WASHINGTON (CNS) -- President Donald Trump announced his administration's new guidance on prayer in public schools during a Jan. 16 event in the Oval Office on National Religious Freedom Day. Primarily, it will require states to report cases where public school students have been denied their right to pray.

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  • Trebek cites 'power of prayer' in accepting Fordham Founders' Award

    LOS ANGELES (CNS) -- "Jeopardy" host Alex Trebek and his wife, Jean, received Fordham University's Founders' Award at a Jan. 7 reception in Los Angeles. According to Tom Stoelker writing in Fordham News, this was the first time the award -- which he described as "weighty statuette" of Fordham founder Archbishop John Hughes -- has been presented outside of New York City.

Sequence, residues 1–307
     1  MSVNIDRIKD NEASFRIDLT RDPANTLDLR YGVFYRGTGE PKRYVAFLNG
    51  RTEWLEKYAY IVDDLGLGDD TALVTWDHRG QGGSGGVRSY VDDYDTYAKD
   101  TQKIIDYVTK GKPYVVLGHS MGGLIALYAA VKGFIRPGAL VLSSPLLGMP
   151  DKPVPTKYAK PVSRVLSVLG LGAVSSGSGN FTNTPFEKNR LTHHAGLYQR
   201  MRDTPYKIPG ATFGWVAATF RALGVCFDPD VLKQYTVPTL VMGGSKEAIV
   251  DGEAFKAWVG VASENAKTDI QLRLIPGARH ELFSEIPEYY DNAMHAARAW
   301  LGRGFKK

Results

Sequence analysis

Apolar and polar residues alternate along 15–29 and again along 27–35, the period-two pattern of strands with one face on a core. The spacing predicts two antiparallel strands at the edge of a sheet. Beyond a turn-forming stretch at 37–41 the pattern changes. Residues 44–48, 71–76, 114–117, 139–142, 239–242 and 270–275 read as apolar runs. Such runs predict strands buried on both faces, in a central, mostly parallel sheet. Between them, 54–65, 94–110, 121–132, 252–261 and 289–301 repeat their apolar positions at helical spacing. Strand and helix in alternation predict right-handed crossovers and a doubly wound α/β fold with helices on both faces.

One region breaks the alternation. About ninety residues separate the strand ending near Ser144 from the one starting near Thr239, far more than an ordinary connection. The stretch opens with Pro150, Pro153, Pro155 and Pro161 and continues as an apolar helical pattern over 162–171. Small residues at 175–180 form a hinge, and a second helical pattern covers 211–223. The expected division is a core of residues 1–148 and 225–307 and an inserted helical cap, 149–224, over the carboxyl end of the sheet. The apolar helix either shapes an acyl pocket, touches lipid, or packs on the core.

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  • School's employment program boosts students' skills, confidence

    PORTLAND, Ore. (CNS) -- On a weekday morning in Southeast Portland, high school sophomore Gabriela Flores sits at a desk, picks up a pencil and concentrates on the work before her. Her task is not to find the value of "x" in a trigonometry equation, nail a history quiz or craft an elegant sentence for an English essay. It's to measure, mark and cut fabric for her job at Looptworks, a company that repurposes and "upcycles" materials into handbags, pillows, luggage and other products.